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Facts and Figures

Run time: 121 mins

In Theaters: Friday 10th November 1995

Distributed by: MGM Home Entertainment

Production compaines: Cinéa, Polygram Filmed Entertainment, Freeway Films

Reviews 2.5 / 5

Rotten Tomatoes: 50%
Fresh: 10 Rotten: 10

IMDB: 6.8 / 10

Cast & Crew

Starring: Emma Thompson as Dora Carrington, Jonathan Pryce as Lytton Strachey, Penelope Wilton as Lady Ottoline Morrell, Janet McTeer as Vanessa Bell, Samuel West as Gerald Brenan

Carrington Movie Review

I hate to stereotype...but I will anyway. I simply find it inconceivable that a real woman could go for 17 years without once changing her hair. The woman in question is Emma Thompson, portraying English painter Dora Carrington in post-WWI England. The hairdo in question is a peculiar blonde bob that has the daunting task of making Thompson look "boyish."

If you're like me, you're saying to yourself, "Who is this Dora Carrington, and why would someone make a movie about her?" Well, I still don't have the answer to that one. Carrington was something of a homebody who thrived on shocking Victorian sensibilities with her outrageous behavior, the bulk of which involved sexual promiscuity in some fashion or another. Most notable among her odd and largely meaningless "flings" was a doomed-from-the-start relationship with troublesome writer Lytton Strachey (Jonathan Pryce), a bearded, neo-Oscar Wilde who couldn't function normally without substantial babysitting from Carrington and/or any number of her lovers.

Together, Carrington and Lytton meander through 17 years of love and hate, happiness and anger, life and death. With its promising start, Carrington begins by introducing the real star of the film, Lytton, but shortly thereafter, the movie bogs down in irrelevant, plodding details about Carrington's life and love interests. Soon, I was wondering what the point was to all of this, and I never did find out, as the only remotely empathetic character was Lytton.

Jonathan Pryce, who won Best Actor at Cannes, is deserving of all the praise he's received. He manages to bring Lytton alive so well that when he's not on the screen, the film completely stalls out. In fact, the movie is based on a book entitled "Lytton Strachey." Why screenwriter/director Christopher Hampton (who recently bombed with Total Eclipse) felt Dora Carrington was a more interesting person is beyond me.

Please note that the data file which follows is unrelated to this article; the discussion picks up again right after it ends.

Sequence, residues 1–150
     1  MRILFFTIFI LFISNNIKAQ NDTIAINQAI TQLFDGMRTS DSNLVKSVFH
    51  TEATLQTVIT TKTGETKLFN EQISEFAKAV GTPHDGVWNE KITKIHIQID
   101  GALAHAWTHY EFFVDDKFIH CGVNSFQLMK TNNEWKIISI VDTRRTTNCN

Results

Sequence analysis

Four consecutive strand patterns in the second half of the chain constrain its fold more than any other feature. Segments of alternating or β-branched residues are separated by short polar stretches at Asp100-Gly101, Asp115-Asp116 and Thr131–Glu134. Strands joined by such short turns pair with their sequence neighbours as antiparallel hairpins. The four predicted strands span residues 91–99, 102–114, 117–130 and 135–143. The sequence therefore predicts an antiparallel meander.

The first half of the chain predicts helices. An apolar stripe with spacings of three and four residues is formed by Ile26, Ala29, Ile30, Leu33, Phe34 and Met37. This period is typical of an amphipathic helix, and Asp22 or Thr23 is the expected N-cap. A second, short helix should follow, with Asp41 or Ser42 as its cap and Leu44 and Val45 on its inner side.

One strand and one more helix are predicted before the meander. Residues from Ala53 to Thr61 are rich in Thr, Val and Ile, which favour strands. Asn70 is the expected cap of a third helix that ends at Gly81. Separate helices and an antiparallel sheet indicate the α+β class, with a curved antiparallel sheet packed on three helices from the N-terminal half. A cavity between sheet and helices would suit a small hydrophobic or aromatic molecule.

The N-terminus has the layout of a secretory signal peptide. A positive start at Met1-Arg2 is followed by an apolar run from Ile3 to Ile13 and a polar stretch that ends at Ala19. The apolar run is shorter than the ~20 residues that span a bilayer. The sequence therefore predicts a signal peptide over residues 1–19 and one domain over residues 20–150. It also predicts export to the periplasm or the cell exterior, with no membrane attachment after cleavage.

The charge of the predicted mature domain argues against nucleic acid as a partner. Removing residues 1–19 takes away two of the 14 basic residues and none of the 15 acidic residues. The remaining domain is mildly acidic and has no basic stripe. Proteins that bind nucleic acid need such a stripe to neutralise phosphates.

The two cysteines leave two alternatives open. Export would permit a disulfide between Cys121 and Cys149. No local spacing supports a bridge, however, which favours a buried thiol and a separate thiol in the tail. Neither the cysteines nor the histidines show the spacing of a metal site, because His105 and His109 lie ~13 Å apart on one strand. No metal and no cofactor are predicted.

Other than Pryce, the raucous comedy at the film's opening, and a great score by Michael Nyman (The Piano), there's not much to redeem this picture. Incidentally, this script was written in 1976, and only now has it been produced. It isn't hard to see why it took so long.


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Moviebuffer's picture


It's obvious the reviewer hasn't taken the time to find out about Dora Carrington nor her prominance as a painter today. He also ought to read something (and there are many books) about Carrington, Strachey and their relationship as well as art books published about Carrington's work. One of the well known facts about Carrington was that she never exhibited her paintings and thus remained obscure; this is why her story needs to be told. She is recognized now as a extremely good artist who was possibly held back by her attachment to Strachey. The film isn't completely accurate about their real-life relationship; there were for example long periods when they did not live together. Their lifestyle was quite typical of the Bloomsbury group. As for her hair (a facetious set of comments by the reviewer) Carrington did in fact wear her hair in the same style all her life. It suited her and, I would say, it suited Emma Thompson pretty well too. The apparent ignorance of this reviewer is apparent.

7 years 2 months ago
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Carrington Rating

" Weak "


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